A paraffin block of excised skin ulcer was received for opinion. Histology revealed ulcerated skin with large-sized tumor cells set against a background of lymphocytes, plasma cells, and eosinophils [Figure 1]a. An exhaustive list of morphologically similar entities such as lymphomatoid papulosis, granulomatous skin lymphoma, anaplastic large cell lymphoma, and regressing atypical histiocytosis were considered as differential diagnoses. This warranted an extensive panel of immunohistochemical markers. Tumor cells were immunoreactive for CD 20. [Figure 1]d, CD30 [Figure 1]b, CD15 [Figure 1]c, and paired box (PAX-5) [Figure 1]f and were negative for CD3 [Figure 2]a, CD4 [Figure 2]b, CD5, CD7, CD8 [Figure 2]d, CD43 [Figure 2]c, CD4 [Figure 2]b 5, CD 45 [Figure 1]e EMA [Figure 2]e, and anaplastic lymphoma kinase-1 [Figure 2]f. Morphological assessment of tumor in conjunction with results of the immunohistochemistry panel helped us conclude that this was a case of cutaneous Hodgkin's lymphoma (HL). Bone marrow biopsy done subsequently was clean. After confirmation of HD, the patient received ABVD chemotherapy and is doing well.
Figure 1: (a) H and E, ×200, (b) CD30 ×200, (c) CD15 ×200, (d) CD20 ×200, (e) CD45 ×200, (f) PAX5 ×200

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Figure 2: (a) CD3 ×200, (b) CD4 ×200, (c) CD43 ×200, (d) CD8 ×200, (e) EMA ×200 (f) ALK 1 ×200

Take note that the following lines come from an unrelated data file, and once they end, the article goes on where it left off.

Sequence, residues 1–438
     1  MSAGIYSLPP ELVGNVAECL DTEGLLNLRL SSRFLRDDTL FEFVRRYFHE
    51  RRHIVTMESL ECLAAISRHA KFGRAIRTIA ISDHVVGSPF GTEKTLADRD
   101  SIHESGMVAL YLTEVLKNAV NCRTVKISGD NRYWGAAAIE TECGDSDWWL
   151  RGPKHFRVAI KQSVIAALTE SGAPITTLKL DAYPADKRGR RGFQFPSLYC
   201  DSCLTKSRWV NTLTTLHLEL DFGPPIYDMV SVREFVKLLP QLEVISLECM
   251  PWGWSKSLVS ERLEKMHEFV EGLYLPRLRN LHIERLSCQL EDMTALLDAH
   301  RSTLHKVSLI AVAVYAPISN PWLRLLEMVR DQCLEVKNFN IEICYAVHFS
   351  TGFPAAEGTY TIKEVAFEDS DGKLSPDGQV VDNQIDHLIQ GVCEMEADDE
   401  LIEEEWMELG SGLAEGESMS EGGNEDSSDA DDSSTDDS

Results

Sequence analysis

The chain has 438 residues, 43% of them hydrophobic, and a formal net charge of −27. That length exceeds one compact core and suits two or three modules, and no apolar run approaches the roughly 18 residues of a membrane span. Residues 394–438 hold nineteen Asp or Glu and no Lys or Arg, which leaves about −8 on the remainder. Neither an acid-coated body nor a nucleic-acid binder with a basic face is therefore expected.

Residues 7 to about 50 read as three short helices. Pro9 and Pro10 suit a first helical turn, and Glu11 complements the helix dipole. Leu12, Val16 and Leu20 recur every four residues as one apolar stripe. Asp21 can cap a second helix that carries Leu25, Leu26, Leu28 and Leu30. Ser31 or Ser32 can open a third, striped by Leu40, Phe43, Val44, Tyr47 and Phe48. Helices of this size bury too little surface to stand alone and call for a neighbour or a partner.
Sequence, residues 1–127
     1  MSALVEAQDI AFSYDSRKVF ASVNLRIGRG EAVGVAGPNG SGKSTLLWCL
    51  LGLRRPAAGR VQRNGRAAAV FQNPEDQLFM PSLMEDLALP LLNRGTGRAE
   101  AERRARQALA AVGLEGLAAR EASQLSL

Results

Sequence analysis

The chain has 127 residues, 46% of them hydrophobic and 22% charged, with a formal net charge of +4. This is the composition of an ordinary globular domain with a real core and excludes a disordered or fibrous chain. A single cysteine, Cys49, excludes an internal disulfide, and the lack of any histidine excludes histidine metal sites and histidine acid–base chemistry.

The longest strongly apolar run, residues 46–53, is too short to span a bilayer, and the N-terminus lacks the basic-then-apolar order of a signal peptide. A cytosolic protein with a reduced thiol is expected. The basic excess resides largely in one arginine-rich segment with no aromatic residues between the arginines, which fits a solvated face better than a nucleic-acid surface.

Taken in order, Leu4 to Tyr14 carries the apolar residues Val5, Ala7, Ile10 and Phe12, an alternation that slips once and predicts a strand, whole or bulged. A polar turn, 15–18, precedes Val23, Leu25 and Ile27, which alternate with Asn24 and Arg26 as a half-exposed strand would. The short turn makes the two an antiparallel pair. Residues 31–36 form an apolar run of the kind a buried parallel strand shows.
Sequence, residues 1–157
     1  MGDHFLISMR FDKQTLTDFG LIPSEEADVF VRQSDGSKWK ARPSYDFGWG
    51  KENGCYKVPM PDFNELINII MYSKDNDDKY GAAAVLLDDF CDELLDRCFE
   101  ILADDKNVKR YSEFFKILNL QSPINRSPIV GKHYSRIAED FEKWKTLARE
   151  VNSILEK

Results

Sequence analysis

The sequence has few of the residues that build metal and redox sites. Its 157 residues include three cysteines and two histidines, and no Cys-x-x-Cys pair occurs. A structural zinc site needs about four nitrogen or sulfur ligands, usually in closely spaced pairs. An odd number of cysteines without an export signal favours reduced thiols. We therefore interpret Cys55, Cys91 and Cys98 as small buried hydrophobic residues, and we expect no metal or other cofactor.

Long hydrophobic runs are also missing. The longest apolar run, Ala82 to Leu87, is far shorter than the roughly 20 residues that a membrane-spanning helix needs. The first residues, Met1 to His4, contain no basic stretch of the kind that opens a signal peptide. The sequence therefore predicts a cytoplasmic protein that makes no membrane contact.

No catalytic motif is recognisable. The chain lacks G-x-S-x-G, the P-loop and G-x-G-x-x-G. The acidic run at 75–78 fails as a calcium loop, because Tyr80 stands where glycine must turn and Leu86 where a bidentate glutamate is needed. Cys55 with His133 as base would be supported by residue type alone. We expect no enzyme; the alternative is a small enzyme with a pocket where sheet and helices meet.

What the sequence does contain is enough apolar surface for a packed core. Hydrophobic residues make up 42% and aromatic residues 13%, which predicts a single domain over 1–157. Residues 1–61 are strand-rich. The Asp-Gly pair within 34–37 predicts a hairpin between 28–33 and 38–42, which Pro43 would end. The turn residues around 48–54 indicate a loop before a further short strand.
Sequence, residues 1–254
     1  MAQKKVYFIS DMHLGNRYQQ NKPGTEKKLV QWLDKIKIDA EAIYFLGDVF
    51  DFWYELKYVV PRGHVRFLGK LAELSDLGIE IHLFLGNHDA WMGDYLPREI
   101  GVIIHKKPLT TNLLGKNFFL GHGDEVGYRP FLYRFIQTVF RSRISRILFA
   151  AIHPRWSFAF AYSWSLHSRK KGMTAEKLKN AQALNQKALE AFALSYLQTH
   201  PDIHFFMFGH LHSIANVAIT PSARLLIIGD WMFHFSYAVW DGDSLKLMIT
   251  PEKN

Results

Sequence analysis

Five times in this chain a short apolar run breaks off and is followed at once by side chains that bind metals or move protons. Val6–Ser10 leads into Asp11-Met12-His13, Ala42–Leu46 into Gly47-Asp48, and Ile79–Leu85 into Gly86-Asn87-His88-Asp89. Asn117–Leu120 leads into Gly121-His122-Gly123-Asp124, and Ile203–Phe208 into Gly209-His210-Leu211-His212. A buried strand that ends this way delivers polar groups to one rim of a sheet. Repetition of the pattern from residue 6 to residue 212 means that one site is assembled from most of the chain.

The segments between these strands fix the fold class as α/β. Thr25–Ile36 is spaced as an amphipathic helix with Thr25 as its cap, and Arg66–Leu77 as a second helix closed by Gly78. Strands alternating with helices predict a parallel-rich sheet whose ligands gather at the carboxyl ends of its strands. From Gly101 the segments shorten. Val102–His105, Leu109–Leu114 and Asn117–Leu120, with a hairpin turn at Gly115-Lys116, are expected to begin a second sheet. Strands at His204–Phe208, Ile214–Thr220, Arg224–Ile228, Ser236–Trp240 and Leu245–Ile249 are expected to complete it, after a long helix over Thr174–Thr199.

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The first description of specific cutaneous lesions of HD was given by Grosz in 1906.[2] Bluefarb categorized the specific lesions of Hodgkins disease as follows: (1) papules; (2) infiltrations or plaques; (3) nodules or tumors; (4) ulcerative lesions; (5) various combinations of these lesions; and (6) erythroderma.[3] The enigma surrounding the diagnosis of primary cutaneous HL was resolved when Sioutos et al. published the first verifiable series of cases with a diagnosis based on immunohistochemistry and modern imaging techniques.[2] Our case presented to us with an ulcerative lesion over the skin where tumor cells in addition to the classical pattern of immunoexpression also showed positivity for CD20. Tzankov et al. in their study found 20% of the classic HL cases expressing CD20 and have discussed that expression can range from 5% to 80%.[4] PAX5 is a member of the highly conserved PAX domain family of transcription factors, located on chromosome 9p13, and it is expressed in all the developmental stages of the B-cells, but not in the plasma cells or the T-cells.[5] It is generally known to have faint nuclear staining of Hodgkin's and RS cells as concurred by Desouki et al. in their study.[6] Johri et al. in their study found that in classical HL, the staining intensity varies from weak to moderate and is rarely strong compared with the normal reactive small lymphocytes.[5] Our case showed strong immunoexpression for PAX5. We feel that as this is a rare finding, it needs to be validated further. The conundrum of whether this represents a true blue case of primary cutaneous HL remains to be resolved, as this patient did not have his lymph node biopsied.